For years, experts have sought new and innovative methods to minimize radiation exposure for adolescent idiopathic scoliosis patients, who typically require between 10 and 25 X-rays over the course of their treatment to assess skeletal alignment and curve progression. In 2013, HSS took a major step toward that goal with the introduction of EOS imaging, an ultra-low-dose X-ray system that scans patients in a standing position. While the technology has dramatically reduced radiation exposure in these patients versus traditional X-rays, in 2019 HSS embarked on implementing a novel method that does not require ionizing X-ray radiation.
The initiative will focus on refining the use of 3D surface imaging technology to map skeletal alignment in scoliosis patients and has brought together more than 20 different experts from across HSS, including those from pediatric orthopaedics, motion analysis and radiology, as well as scientists from Technion Israel Institute of Technology.
The imaging process used by the technology, called 3dMD, is known as stereophotogrammetry. A patient stands in a small room while 30 high-resolution cameras capture images of their body. "The images are extremely precise, with sub-millimeter accuracy," says Howard Hillstrom, PhD, Director of the Leon Root, MD Motion Analysis Laboratory at HSS. "We may also capture this 3D topographic data for slow movements, such as forward bending, at 10 frames per second." The overarching goal is to feed the observed surface topography into a machine learning algorithm to estimate spinal alignment in a variety of poses — without any radiation.
"Unlike EOS imaging, which takes 5 to 10 seconds to capture an image, with 3dMD it takes only two thousandths of a second to get a 3D assessment of the patient’s entire body, from the top of their head to the bottom of their toes," says Roger Widmann, MD, Chief of the Pediatric Orthopaedic Surgery Service at HSS. While the technology has been used for years for cranial facial reconstruction, HSS is leading the development and implementation of highresolution scanning in orthopaedics.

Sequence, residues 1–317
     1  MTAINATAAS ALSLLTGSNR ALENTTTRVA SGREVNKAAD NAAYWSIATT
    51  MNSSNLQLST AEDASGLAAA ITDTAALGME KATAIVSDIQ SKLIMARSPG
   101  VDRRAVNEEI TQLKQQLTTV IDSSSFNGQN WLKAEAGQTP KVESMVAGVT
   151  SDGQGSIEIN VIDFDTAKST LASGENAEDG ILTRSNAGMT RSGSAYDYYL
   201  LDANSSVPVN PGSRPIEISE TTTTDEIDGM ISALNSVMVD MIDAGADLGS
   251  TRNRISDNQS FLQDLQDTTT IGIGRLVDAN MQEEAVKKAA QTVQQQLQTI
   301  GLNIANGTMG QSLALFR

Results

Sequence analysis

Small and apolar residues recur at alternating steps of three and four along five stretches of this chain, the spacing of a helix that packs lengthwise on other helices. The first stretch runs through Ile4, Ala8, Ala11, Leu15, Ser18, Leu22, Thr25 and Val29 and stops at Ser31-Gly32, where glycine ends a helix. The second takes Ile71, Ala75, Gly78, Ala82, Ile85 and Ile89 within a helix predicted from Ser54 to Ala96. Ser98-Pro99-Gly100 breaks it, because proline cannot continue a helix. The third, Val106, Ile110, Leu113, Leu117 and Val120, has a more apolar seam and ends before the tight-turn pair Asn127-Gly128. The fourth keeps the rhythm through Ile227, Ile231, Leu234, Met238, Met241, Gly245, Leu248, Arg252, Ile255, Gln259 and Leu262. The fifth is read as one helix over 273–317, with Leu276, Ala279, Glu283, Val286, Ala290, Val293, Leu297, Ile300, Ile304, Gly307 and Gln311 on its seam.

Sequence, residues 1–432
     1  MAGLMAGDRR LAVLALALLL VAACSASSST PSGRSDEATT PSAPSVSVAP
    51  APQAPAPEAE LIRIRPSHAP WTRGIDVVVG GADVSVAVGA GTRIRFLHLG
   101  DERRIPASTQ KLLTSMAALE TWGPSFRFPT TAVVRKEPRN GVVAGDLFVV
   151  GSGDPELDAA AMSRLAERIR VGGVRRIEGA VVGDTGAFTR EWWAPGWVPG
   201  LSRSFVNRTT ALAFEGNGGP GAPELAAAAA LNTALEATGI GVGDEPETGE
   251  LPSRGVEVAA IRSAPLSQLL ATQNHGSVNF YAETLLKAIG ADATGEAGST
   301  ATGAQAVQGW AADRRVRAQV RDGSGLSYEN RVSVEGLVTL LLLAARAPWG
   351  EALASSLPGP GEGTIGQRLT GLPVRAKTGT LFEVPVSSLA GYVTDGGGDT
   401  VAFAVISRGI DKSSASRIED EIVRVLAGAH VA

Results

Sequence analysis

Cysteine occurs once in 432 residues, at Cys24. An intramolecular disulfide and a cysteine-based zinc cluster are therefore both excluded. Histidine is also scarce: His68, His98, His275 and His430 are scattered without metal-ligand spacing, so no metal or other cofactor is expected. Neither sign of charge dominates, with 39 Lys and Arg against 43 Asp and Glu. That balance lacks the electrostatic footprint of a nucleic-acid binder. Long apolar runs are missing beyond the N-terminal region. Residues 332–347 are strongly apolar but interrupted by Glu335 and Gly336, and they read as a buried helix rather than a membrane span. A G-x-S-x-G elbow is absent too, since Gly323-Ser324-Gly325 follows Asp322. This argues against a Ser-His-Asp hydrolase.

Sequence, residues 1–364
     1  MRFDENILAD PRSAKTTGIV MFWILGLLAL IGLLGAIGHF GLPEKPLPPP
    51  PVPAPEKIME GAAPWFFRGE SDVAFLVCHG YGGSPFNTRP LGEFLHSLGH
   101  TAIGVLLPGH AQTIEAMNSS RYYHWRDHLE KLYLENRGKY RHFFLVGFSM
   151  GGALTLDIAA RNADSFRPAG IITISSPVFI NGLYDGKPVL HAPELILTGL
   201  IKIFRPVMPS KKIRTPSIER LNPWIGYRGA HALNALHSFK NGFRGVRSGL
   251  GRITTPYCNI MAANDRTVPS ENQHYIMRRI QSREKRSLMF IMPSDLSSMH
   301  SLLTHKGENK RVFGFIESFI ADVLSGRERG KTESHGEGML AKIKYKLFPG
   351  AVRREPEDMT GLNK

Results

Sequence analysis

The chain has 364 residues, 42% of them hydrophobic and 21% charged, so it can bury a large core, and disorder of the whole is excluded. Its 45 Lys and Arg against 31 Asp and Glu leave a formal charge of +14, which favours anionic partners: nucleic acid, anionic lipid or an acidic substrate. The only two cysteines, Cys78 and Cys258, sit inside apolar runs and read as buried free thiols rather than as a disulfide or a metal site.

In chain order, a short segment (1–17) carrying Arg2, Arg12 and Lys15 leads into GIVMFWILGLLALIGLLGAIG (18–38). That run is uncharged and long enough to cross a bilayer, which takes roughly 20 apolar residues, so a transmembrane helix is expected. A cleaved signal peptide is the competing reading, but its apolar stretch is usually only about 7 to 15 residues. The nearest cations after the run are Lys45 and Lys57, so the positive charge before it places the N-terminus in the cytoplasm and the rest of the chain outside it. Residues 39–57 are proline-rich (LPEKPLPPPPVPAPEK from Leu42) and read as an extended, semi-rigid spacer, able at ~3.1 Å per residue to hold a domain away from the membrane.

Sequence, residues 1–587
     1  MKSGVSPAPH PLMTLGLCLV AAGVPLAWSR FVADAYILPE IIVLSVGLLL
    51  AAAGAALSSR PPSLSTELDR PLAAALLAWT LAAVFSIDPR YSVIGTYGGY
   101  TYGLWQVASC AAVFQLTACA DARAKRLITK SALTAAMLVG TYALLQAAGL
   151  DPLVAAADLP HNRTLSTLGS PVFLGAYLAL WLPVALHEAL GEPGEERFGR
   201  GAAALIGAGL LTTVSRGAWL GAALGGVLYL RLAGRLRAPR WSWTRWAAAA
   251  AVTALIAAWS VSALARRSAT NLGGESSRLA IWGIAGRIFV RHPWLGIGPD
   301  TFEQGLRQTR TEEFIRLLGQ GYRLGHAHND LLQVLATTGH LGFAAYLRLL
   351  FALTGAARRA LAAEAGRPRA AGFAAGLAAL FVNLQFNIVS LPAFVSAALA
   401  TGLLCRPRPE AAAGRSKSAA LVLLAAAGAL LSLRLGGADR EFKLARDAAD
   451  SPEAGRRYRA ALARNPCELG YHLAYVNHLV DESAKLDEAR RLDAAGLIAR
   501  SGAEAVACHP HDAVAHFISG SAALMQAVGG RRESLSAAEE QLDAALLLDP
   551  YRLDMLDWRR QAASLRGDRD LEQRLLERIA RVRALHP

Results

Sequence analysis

Before 3dMD can be adopted as the primary screening tool in scoliosis patients, the team of researchers at HSS and Technion must develop and validate surface topography– based parameters that can reliably estimate spinal alignment and body symmetry, says Dr. Hillstrom. "There’s sometimes a significant discordance between internal anatomy — which can be seen on an X-ray or CT scan — and how the spine looks from the outside," explains Dr. Widmann.
HSS has started a registry to track patients who have undergone both 3dMD scans and EOS studies — data that can be used in conjunction with clinical and patient-reported outcomes measures so that researchers can begin to develop and validate clinically relevant and patient-centered parameters. The end goal is to enroll 2,000 patients. "It’s going to take a lot of data to draw accurate conclusions," Dr. Widmann says. "We do have a specific question here, whether we can accurately and reliably correlate 3D skeletal anatomy with surface topography. There are also many other interesting questions that you can answer with such a huge data set."
Down the line, Dr. Widmann hopes to not only expand use of the 3dMD system among adult spine and arthroplasty surgeons at HSS, but also to explore using it in other innovative ways, such as in combination with motion capture technology to analyze patients’ walking patterns and joint movements. Another possibility may be to use it for scanning residual limbs for prosthetics, instead of using plaster casting. "The 3dMD system has the potential to become a standard imaging modality in orthopaedic surgery," says Dr. Widmann. "Here at HSS, we have to prove it, so that’s exactly what we’re doing."
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